Raynard Johnson January 21, 2011 at 12:20 AM
"What's Happenin' in SWAT (SW ATL)..." Did you know... Should the "Independent" Atlanta Public School System (Board of Education) be under the City of Atlanta (Atlanta City Council) Charter? With 52% of property taxes apportioned to APS, don't be surprised if the actions of SACS (APS being placed on probation) begins the process for a referendum to be on the ballot, within the next 2 election cycles, for the "Independent" APS System (Board of Education) to fall under the City of Atlanta (Atlanta City Council) Charter domain. Here is the kicker, the BOE members were warned by Mayor Reed, GA Attorney General Thurbert Baker and the Board's Attorney (Veleter Mazyck) that the board had no authority to change leadership midterm. The "bigger picture" is, while the BOE was "performing" with respect to who among them will be in charge, they are threatening regional economic growth from businesses wary of bringing business in the region, because of the uncertainty of a viable workforce. That is something the Gov., the Mayor, Atlanta Metro Chamber of Commerce and parents are not going to put up with!
AtlantaSistah January 21, 2011 at 02:00 AM
The fact they are not dealing with this so called issue should be a red flag to all. It tells me that the cheating scandal is a bunch of malarky. If one actually read the SACS report, the so called investigation is barely mentioned. This is a witch hunt to say the very least. The SACS report says nothing about the quality of education. It basically goes after the board memebers and their infighting. RIDICULOUS! What governing group does not have infighting? And why are they being called out on it? This is foolishness!
Charles Lawrence January 23, 2011 at 03:43 AM
I think this situation may be a blessing in disguise. First parents in the North as well as the Southside have an issue that everyone can rally around. In the past what affected the parents in one district did not affect the parents in another district. With this particular issue everyone is concerned to say the least. Next SACS may have been needed to get the attention of the Board because no one else could. When have board members been attentive and when have they been open to communicate seriously with the parents ? Well, this may be the time. Also voters may awaken and may need to know on an very intimate basis who is representing who. After all we are talking about kids and millions and millions of taxpayer money. Finally lets not forget that our school system produces students that are capable of attending some of the finest colleges and go on to become productive citizens however there are many kids who are not being educated . One may asked " who is at fault ? Many may say " Its the APS ". ...... In anwsering the question I think about my former coach once in our Football game at Lakewood stadium years ago. A player had made a bad play on the field and told the coach " MY Fault " . THE COACH REPLIED - "NO, MY FAULT" and took him out the game. MAYBE THAT'S WHAT WE SHOULD SAY TODAY---- OUR FAULT AND GET OFF THE BOARD !!!!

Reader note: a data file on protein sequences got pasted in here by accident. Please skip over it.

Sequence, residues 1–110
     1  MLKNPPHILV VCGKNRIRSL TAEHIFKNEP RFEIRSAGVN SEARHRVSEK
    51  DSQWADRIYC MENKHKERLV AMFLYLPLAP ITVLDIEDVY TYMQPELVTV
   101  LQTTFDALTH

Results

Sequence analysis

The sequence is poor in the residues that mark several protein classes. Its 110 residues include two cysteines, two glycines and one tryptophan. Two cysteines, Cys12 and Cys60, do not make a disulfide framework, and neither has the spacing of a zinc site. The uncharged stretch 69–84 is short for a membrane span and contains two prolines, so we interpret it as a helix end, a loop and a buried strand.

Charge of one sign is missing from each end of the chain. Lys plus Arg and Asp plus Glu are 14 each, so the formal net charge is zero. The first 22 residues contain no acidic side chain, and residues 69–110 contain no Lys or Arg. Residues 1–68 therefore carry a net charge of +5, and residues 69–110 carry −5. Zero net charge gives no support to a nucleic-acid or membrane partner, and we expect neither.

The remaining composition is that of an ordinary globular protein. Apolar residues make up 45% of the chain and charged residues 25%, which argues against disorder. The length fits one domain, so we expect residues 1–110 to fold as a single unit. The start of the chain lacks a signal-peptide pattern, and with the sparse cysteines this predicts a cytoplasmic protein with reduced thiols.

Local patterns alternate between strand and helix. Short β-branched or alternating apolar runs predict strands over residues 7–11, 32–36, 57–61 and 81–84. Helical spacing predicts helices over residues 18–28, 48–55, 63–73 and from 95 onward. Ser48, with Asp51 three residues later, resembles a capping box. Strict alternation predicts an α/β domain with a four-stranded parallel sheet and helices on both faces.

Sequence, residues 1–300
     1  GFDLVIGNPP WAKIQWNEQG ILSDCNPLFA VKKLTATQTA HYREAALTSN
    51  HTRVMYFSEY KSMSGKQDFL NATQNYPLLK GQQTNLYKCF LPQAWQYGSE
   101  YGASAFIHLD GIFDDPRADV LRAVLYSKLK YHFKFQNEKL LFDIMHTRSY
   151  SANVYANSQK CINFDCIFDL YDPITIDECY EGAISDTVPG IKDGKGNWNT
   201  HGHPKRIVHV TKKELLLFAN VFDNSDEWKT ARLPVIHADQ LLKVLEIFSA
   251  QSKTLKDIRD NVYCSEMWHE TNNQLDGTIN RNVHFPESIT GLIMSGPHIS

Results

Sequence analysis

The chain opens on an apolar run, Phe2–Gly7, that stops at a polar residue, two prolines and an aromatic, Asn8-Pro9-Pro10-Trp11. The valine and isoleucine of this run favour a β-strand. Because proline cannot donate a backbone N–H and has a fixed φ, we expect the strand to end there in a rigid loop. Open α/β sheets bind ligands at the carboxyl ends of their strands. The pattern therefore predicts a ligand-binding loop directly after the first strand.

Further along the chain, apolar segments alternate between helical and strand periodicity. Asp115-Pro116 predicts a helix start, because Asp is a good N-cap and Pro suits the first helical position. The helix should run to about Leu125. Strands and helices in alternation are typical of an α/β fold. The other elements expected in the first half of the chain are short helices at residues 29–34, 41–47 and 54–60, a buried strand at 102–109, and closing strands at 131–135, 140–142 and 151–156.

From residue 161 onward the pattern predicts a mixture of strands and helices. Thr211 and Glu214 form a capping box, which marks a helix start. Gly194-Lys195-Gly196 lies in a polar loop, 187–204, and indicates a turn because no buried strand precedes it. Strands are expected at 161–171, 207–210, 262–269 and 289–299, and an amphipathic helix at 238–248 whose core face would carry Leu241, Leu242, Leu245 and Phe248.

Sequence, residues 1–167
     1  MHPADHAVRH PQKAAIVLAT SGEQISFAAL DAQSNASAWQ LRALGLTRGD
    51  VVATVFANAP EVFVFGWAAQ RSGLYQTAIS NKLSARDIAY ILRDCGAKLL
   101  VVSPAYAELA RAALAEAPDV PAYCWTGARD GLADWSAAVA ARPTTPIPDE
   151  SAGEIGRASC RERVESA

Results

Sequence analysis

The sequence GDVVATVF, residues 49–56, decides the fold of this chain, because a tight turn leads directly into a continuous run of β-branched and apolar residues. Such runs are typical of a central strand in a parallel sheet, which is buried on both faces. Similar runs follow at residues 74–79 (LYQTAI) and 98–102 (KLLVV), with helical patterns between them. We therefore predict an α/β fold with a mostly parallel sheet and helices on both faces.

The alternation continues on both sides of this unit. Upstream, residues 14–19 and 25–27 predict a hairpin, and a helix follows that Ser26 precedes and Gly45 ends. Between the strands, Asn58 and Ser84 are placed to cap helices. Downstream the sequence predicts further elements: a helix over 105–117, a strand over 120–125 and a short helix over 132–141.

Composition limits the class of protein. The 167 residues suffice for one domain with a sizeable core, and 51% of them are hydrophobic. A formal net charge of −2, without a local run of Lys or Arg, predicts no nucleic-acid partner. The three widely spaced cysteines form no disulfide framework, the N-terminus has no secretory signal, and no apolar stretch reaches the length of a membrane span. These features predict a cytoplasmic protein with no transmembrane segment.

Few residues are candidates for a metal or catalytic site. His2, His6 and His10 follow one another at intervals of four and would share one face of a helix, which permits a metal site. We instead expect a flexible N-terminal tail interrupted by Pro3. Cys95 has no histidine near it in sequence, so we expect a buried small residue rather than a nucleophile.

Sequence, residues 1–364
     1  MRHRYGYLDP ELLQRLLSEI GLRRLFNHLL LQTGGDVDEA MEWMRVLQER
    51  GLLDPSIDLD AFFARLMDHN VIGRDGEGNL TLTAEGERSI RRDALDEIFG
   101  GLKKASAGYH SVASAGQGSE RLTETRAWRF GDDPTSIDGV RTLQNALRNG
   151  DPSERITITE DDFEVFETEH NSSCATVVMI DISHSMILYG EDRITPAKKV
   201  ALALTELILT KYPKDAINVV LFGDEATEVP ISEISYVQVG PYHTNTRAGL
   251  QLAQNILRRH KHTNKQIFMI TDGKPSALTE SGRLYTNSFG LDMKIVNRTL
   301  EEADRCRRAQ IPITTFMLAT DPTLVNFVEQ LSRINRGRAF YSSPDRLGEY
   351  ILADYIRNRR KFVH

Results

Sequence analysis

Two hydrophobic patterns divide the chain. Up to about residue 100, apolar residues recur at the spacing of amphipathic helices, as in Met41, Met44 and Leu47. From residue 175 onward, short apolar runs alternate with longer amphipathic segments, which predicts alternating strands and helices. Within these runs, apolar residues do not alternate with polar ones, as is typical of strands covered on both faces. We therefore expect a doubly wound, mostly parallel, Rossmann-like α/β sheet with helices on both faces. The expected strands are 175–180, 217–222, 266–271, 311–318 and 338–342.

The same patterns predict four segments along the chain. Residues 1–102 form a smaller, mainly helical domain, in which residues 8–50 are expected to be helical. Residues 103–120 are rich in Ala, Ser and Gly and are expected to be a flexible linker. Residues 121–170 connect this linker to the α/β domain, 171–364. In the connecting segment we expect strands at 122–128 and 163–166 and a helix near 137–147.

Mrs. Badi January 25, 2011 at 06:32 AM
I am glad that APS is in the lime light. They have been cheating our children for many years. I remember being in school and I can still remember my thoughts " I am not learning as much as I should be." It was not until I went to summer school in the 10th grade that I understood that (some) of my teachers were not putting the their all into teaching. It is unfortunate that our children have the stress of worrying whether or not their school will lose its accreditations. What has been done in the dark for so long has finally come to the light. I know all teachers are not to blame. The cheating scandal and the fear of losing accreditation comes from the years of not taking care of all children the correct way. We need to raise our standards when it comes to chosing who is teaching our kids.